In the EU, sanctions relief took the form of an EU Council decision implementing legislation on sanctions relief, including the delisting of Iran-related persons and entities from its sanctions lists. In contrast to US sanctions relief, EU relief will be relatively comprehensive by lifting most restrictions applicable to EU persons and entities, although certain sanctions relating to proliferation, missile technology, human rights and terrorism will remain in effect. 

The United Nations will also lift nuclear-related sanctions against Iran pursuant to Security Council Resolution 2231, but will maintain the conventional arms embargo against Iran for the next five to eight years.

The next major milestone under the JCPOA will be Transition Day in eight years or earlier if the International Atomic Energy Agency certifies that all nuclear material in Iran is being used for peaceful activities. At that time, the United States and the EU will remove additional entities from their respective sanctions lists and seek legislative action to repeal additional Iran sanctions measures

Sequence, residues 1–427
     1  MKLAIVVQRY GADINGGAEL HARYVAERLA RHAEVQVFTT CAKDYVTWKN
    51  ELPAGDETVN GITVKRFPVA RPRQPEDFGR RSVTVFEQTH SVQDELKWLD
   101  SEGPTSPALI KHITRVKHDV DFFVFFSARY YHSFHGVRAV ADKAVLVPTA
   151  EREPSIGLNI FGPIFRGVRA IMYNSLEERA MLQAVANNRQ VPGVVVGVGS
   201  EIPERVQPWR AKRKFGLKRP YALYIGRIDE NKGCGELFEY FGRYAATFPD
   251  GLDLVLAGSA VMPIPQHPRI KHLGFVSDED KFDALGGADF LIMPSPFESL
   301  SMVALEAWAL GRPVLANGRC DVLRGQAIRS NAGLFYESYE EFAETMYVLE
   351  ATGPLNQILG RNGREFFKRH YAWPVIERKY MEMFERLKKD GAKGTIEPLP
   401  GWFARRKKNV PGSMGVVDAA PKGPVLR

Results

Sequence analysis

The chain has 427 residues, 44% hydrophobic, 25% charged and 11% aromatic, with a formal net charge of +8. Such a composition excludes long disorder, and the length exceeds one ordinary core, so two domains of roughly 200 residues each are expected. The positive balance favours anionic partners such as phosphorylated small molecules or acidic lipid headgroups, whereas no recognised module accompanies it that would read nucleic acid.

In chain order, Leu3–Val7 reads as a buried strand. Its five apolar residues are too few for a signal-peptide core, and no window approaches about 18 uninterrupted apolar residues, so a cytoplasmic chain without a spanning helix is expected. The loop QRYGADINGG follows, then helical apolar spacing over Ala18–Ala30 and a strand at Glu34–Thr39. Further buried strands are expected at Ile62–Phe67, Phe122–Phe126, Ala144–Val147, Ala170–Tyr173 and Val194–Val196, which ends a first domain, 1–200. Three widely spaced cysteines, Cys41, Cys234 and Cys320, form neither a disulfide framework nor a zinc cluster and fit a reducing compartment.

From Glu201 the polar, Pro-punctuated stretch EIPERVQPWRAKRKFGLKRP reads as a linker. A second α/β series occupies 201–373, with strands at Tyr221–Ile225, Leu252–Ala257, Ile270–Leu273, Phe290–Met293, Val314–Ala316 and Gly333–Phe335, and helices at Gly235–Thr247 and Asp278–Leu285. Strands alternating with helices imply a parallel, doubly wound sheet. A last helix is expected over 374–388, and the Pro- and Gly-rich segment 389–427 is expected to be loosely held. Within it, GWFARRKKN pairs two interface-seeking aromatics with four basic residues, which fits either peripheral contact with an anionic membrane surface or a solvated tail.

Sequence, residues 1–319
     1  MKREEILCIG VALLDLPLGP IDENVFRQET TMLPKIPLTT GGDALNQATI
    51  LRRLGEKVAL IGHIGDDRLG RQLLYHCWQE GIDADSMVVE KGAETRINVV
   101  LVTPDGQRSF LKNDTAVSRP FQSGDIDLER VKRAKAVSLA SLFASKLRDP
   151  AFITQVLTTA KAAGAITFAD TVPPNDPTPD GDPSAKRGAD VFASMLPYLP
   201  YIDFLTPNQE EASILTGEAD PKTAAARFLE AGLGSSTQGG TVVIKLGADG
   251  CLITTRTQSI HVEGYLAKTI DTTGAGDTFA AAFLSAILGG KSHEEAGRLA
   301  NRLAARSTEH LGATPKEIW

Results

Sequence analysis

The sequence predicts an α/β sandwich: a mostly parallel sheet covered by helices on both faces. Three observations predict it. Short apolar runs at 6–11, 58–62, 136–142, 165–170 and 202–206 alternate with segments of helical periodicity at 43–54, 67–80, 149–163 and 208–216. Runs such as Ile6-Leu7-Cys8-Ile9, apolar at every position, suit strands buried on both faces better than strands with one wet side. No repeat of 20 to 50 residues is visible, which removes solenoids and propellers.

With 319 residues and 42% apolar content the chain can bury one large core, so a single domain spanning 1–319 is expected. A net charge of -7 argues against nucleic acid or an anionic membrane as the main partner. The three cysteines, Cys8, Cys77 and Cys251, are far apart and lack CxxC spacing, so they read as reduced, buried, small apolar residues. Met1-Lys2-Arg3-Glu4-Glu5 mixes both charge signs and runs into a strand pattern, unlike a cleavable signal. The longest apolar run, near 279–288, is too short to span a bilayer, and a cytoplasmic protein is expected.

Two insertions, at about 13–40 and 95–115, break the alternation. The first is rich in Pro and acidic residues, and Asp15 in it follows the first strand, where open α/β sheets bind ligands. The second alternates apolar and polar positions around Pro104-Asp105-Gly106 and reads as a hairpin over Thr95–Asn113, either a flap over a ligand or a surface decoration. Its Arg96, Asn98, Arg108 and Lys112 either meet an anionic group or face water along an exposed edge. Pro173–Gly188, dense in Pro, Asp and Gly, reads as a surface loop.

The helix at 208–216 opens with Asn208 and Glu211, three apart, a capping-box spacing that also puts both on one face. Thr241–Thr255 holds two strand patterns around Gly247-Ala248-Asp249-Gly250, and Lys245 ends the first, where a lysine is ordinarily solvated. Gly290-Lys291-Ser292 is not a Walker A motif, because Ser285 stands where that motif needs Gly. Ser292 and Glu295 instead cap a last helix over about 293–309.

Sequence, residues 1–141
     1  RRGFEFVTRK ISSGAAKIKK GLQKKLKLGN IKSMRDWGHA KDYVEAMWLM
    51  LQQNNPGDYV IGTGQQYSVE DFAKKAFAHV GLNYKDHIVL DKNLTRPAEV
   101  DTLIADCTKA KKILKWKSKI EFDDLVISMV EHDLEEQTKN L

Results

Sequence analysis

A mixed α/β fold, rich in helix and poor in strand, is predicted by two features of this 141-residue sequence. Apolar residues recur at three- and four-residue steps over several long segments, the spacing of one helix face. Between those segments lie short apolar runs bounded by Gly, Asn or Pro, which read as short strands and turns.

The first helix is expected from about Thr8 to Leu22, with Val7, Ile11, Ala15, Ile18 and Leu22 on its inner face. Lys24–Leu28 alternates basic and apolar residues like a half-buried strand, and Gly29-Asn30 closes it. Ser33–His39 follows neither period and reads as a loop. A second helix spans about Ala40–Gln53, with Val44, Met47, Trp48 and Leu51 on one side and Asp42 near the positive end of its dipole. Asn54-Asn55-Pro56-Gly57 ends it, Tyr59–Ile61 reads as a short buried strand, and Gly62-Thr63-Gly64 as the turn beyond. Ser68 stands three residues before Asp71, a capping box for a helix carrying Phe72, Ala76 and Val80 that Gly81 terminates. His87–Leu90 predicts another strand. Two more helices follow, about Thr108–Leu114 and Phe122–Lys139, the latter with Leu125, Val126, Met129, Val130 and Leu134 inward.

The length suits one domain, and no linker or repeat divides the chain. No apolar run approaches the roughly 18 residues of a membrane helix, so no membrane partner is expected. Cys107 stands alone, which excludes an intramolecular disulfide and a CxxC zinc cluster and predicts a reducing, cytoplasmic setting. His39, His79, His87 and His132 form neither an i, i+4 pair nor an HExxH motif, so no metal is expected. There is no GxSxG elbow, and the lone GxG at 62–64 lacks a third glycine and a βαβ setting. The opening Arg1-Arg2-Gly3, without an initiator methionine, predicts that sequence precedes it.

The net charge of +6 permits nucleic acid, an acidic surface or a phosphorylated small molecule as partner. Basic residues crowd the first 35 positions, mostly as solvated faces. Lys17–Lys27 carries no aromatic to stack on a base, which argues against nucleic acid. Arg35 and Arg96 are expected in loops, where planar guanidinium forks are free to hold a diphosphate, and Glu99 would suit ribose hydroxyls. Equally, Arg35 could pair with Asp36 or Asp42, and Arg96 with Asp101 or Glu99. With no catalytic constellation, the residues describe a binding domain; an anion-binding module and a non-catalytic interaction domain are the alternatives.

As described below, these US and EU measures will create a variety of new compliance challenges for firms in the US, EU and elsewhere. Most prominently, Implementation Day marks a significant divergence between US and EU sanctions requirements, which poses unique risks to firms with global operations. Financial institutions and their risk appetites are likely to play a pivotal role in the implementation of this sanctions relief. Those headquartered or doing business in the EU will need to navigate a complex framework of legal nuances if they choose to permit Iran-related transactions on behalf of their clients.

US Sanctions Relief

New Executive Order

The United States has issued a series of statutory waivers and a new Executive Order that revoke or amend the following previous Executive Orders:

  • Executive Order 13574 of May 23, 2011 (authorizing the implementation of certain sanctions set forth in the Iran Sanctions Act of 1996, as amended);